“Prophet” Julie Green came forward to offer a word from the Lord. But rather than open a Bible app, she first read some of her previous “prophecies” on her phone before sensing God had a fresh one for her to deliver (which conveniently coincided with her speaking timeslot). Back in April, Green campaigned for Doug Mastriano in his run for governor of Pennsylvania, and she prophesied, “‘Doug Mastriano, I have you here for such a time as this,’ saith the Lord.” A look at the polls suggests that prophecy isn’t looking too good (at least according to me of little faith). Like she did with Mastriano, she borrowed biblical phrases in her new “prophecy” about how Trump — who she has repeatedly called a new “David” — is coming back to office soon.

“For I the Lord this day am telling my children to receive your victory as I have shown you in my words and through my prophets that I speak to them and I give them what’s going to happen before it happens,” Green declared with her eyes closed. “My country, my nation of the United States of America, receive your victory this day because as your elections draw near, do not be afraid of the fraud because I am bringing that fraud down. That fraud is not bigger than me.”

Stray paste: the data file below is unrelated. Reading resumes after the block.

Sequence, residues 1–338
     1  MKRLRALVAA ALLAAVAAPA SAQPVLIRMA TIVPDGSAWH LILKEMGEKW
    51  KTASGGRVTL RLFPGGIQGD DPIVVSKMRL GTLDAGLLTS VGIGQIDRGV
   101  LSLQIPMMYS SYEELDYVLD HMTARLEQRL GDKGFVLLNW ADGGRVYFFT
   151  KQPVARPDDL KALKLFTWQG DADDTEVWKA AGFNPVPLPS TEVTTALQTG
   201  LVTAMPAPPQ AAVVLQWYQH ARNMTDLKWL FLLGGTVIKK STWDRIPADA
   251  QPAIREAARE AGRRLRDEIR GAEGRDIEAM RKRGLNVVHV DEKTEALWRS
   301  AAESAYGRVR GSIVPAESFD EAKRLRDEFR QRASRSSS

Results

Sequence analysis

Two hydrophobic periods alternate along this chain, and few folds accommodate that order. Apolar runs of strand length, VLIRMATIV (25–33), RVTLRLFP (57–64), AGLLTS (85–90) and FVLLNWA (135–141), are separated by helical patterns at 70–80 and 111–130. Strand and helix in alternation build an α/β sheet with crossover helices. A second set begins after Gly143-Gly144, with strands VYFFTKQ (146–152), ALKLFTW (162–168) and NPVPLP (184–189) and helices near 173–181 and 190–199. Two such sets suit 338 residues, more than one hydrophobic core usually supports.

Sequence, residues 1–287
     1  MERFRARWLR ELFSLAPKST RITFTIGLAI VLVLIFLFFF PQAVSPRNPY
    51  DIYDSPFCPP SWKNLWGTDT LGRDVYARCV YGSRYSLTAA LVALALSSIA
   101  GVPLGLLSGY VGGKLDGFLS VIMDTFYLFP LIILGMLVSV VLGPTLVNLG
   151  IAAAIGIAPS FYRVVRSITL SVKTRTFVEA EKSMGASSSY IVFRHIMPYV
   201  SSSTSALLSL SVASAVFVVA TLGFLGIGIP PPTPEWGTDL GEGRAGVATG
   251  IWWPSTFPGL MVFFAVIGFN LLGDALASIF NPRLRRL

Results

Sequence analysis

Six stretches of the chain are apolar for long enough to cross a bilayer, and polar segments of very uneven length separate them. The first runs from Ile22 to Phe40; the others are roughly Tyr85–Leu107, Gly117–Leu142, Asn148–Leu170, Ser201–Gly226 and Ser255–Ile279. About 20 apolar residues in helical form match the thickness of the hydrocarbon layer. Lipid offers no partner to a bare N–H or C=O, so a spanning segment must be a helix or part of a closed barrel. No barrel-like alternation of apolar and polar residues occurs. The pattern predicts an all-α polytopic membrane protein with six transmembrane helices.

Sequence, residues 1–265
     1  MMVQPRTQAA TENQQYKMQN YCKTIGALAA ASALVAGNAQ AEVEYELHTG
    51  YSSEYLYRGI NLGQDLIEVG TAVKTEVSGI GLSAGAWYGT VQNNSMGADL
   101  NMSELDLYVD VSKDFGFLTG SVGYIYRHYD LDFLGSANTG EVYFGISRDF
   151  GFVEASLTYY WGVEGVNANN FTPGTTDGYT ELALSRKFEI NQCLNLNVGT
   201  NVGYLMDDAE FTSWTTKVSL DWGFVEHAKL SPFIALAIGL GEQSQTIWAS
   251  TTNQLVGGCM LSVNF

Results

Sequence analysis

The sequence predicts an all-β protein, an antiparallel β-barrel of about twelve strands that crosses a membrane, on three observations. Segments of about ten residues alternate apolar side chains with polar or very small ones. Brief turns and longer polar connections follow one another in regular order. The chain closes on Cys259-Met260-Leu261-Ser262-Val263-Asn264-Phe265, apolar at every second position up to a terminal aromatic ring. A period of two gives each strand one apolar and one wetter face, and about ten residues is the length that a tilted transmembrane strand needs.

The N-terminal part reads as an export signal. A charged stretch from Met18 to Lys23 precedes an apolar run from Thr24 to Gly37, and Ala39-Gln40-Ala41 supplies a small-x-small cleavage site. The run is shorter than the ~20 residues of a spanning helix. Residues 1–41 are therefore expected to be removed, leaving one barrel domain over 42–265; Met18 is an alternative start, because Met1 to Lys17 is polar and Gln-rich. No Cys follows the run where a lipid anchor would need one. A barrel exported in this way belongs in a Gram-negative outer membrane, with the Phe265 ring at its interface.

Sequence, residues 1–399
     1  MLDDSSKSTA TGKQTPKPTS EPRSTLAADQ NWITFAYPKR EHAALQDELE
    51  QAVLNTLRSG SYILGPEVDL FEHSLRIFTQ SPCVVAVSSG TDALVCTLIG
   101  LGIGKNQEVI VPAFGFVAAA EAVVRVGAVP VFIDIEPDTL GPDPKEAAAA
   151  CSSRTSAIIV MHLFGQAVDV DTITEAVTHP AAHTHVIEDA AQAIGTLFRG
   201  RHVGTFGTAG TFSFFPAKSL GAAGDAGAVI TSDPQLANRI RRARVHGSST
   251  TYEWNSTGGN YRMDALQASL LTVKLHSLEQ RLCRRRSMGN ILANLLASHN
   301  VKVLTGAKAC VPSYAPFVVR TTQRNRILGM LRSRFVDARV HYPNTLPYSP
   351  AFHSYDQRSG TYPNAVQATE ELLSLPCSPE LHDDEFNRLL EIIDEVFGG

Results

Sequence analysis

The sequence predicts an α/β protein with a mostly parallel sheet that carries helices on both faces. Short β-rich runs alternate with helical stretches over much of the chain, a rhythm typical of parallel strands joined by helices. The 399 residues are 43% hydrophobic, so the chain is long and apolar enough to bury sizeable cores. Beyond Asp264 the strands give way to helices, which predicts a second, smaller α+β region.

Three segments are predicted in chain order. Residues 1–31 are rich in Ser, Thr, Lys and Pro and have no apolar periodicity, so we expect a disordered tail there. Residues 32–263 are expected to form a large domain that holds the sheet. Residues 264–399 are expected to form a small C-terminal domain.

“I told you before that I am cleansing your House, that I am cleansing your Senate, and, yes, I am cleansing the White House. Those people who are there, those people who have stolen your nation, I am bringing them all down,” Green added as if still speaking for God. “So, to my children and to my body, I am telling you this day that I am bringing this victory. I am getting you your nation back. You are winning these elections. You are getting my David. My David is my son, and no one will stop him from taking his place, his rightful place of power. What has been stolen will be given back.”